Authors: Mahesh C. Somani, Henri Tervonen, L. Pentti Karjalainen, David A. Porter
Abstract: In this study, the constitutive flow behavior and static recrystallization characteristics of a Nb-microalloyed TWIP (Fe-20Mn-1.5Al-0.1Nb) steel under hot deformation conditions have been determined and results compared with those of Fe-25Mn-Al TWIP steels. Investigations using compression testing in a Gleeble simulator, including the double-hit technique, enabled the acquisition of flow stress and recrystallization data. These were analyzed to determine the powers of strain and strain rate as well as the activation energies of deformation and recrystallization (Qdef and Qrex). For given deformation and grain size parameters, the time for 50% recrystallization (t50) of the 0.1% Nb TWIP steel was significantly longer than for the Nb-free TWIP steel: it was comparable to that of Nb-microalloyed carbon steel. Qrex was higher than that of Type 304 stainless steel that has nevertheless much longer t50 times.
Authors: Mahesh C. Somani, L. Pentti Karjalainen, David A. Porter, R.D.K. Misra
Abstract: An experimental steel containing in weight % 0.2C-2.0Mn-1.5Si-0.6Cr has been laboratory hot rolled, direct quenched into the Ms - Mf range and partitioning annealed in order to explore new possibilities for making 1100 MPa yield strength structural steels with better combinations of strength, ductility and impact toughness. Two austenite states prior to quenching were investigated: recrystallized and strained. Gleeble simulations were used to determine appropriate cooling rates and cooling stop temperatures for obtaining martensite fractions in the range 70-90%. Desired martensite - austenite microstructures were achieved, and ductility and impact toughness were better than those obtained via the simple direct quenching of a lower carbon steel in the same strength class.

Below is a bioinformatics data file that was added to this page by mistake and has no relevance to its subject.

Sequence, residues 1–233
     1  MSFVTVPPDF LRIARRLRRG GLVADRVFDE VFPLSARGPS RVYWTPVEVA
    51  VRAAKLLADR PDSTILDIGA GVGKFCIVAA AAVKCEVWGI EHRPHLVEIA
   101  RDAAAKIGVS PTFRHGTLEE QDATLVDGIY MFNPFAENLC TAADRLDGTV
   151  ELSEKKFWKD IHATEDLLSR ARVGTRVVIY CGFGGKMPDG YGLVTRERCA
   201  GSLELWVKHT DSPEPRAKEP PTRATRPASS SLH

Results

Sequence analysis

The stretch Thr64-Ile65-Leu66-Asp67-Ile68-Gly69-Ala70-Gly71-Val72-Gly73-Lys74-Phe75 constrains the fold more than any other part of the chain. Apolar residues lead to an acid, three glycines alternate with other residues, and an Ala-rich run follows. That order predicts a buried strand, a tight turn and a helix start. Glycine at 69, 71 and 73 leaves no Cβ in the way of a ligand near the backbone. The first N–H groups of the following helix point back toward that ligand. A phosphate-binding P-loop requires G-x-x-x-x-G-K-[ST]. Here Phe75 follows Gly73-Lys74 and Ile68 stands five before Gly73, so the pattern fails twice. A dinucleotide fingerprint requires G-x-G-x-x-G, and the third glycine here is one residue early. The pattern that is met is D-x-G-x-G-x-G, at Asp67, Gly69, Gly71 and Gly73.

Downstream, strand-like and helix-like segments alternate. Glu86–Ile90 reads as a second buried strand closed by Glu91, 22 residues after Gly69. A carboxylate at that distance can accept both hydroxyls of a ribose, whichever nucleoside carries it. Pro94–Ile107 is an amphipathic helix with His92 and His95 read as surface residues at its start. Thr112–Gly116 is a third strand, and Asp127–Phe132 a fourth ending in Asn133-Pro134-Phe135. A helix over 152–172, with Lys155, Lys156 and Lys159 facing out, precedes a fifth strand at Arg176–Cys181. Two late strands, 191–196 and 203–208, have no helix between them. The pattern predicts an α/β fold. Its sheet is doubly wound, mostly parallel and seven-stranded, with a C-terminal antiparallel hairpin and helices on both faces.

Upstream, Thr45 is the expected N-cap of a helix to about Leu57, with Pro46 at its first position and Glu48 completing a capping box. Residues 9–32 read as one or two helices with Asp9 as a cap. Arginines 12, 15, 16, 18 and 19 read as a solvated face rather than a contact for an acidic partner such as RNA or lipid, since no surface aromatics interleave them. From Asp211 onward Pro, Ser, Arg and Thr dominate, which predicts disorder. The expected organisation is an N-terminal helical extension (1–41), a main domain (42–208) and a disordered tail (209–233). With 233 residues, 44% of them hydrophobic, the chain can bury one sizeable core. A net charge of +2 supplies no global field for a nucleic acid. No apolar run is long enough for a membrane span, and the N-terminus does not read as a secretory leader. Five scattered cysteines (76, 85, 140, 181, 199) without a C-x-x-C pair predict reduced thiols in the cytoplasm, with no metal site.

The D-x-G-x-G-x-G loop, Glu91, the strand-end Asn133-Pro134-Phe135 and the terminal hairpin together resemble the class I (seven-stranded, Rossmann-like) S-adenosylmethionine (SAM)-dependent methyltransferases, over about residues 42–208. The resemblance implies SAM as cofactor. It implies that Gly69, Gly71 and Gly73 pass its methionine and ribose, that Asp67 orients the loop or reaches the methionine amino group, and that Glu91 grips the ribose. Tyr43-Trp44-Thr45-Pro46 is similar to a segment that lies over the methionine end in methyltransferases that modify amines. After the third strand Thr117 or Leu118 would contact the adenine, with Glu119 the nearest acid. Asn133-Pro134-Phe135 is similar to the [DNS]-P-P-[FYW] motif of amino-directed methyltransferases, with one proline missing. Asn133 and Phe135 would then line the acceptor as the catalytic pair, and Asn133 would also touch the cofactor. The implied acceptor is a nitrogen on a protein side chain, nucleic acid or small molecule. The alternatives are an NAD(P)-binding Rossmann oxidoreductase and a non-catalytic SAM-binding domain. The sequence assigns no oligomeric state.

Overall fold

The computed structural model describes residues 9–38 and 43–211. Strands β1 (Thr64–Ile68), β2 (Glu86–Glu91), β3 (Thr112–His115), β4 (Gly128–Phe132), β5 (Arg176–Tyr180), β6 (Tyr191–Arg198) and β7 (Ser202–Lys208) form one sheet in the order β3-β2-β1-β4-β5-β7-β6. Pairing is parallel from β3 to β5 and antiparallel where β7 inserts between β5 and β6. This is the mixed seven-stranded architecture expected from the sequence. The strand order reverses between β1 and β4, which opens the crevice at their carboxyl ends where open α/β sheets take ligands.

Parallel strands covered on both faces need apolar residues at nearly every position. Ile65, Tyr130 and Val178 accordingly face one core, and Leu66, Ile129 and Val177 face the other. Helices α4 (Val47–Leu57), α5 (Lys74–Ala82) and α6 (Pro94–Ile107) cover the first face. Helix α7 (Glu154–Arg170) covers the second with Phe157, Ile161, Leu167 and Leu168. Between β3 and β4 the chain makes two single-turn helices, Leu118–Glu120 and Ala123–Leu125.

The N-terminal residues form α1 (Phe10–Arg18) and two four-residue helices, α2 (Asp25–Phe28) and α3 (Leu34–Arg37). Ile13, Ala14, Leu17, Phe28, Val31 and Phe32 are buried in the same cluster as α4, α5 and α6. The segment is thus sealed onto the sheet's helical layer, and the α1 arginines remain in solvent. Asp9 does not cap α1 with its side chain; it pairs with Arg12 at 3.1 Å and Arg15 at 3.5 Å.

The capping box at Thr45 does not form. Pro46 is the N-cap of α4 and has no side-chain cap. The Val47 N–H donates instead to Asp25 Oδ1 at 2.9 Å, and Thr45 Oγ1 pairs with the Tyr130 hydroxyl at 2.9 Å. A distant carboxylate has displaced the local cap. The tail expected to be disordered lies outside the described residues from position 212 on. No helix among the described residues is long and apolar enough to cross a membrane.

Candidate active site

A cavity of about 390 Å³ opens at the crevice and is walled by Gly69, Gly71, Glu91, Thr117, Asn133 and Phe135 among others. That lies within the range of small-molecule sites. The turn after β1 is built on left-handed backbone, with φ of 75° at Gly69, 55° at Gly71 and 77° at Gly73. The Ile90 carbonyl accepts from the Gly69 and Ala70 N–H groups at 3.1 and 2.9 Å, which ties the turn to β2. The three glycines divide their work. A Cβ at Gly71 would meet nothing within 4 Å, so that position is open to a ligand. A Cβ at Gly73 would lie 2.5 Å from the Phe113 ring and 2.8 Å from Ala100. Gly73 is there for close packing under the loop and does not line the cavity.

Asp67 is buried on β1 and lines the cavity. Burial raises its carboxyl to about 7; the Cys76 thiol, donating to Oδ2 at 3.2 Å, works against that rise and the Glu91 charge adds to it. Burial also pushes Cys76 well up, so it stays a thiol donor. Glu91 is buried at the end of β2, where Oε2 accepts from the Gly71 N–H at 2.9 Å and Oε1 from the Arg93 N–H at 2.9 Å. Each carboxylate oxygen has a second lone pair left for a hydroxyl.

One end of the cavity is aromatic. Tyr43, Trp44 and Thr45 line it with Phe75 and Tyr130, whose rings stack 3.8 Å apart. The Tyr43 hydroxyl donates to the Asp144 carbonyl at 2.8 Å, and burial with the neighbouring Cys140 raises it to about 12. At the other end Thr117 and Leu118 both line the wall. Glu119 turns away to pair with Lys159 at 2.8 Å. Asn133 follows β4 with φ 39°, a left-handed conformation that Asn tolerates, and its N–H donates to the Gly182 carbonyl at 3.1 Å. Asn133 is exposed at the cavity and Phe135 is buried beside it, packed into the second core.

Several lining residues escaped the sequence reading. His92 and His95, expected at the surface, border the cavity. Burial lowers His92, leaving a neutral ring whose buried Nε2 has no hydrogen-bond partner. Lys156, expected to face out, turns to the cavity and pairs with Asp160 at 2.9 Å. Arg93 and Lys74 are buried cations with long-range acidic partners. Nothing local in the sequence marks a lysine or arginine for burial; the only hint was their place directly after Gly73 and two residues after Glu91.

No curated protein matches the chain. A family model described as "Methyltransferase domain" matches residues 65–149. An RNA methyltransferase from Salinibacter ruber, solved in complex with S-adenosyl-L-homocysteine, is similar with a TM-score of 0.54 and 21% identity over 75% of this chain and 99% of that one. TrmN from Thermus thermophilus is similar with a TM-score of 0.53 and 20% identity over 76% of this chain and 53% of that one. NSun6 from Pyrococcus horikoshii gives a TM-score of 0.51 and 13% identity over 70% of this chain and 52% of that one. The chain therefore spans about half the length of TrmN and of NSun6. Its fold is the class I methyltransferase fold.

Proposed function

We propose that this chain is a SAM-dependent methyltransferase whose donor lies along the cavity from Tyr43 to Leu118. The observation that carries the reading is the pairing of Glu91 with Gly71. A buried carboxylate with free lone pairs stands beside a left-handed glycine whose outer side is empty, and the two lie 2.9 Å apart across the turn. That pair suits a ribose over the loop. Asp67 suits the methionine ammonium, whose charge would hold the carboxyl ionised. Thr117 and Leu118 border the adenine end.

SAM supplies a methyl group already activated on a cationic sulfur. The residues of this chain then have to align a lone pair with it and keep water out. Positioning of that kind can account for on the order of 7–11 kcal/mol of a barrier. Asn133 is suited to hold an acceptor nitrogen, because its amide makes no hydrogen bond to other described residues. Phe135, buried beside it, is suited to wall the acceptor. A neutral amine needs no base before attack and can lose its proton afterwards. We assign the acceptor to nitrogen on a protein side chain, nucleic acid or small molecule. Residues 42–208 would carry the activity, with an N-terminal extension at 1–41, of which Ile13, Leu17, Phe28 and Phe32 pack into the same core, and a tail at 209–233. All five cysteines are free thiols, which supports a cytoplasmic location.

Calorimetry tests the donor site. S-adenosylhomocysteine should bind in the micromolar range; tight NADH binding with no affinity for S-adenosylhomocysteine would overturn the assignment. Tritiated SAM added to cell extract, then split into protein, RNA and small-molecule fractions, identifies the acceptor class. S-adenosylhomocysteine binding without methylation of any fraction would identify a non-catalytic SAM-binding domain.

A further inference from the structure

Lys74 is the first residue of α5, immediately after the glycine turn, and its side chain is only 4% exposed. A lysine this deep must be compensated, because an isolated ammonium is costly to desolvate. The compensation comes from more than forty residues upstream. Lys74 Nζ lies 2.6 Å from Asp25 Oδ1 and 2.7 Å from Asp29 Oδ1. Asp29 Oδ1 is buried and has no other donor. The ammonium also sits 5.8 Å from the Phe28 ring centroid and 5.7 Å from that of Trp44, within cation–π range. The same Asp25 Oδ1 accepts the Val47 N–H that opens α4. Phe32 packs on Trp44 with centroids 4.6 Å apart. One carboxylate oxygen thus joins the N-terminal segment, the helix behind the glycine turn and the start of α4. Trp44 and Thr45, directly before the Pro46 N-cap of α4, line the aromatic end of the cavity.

Authors: J. Uusitalo, L. Pentti Karjalainen, Delphine Retraint, M. Palosaari
Abstract: Severely deformed surface layers have been created by ultrasonic attrition technique on four steel sheets to investigate their influence on fatigue behaviour. A low-carbon (0.05%) ferritic steel and a medium-carbon (0.47%) normalized ferritic-pearlitic steel were selected to study the effect of carbon content on fatigue properties of carbon steels. Two stainless steels, Type 316L and Type 301LN, were also tested to study the influence of stability of the austenitic structure. Microstructural features were characterized by hardness measurements, X-ray diffraction and optical and electron microscopy. Fatigue properties were determined in flexural bending in the range 104 to 107 cycles. Crack nucleation and propagation stages were followed. In the attrition treatment thin severely deformed surface layers were found to form. Highly increased hardness was measured in these layers, especially for stainless steels, where also strain-induced martensite was formed. Drastic improvement in fatigue resistance was observed for all steels due to the surface nanocrystallization treatment.
Authors: F. de las Cuevas, Mónica Reis, A. Ferraiuolo, G. Pratolongo, L. Pentti Karjalainen, Jon Alkorta, J. Gil Sevillano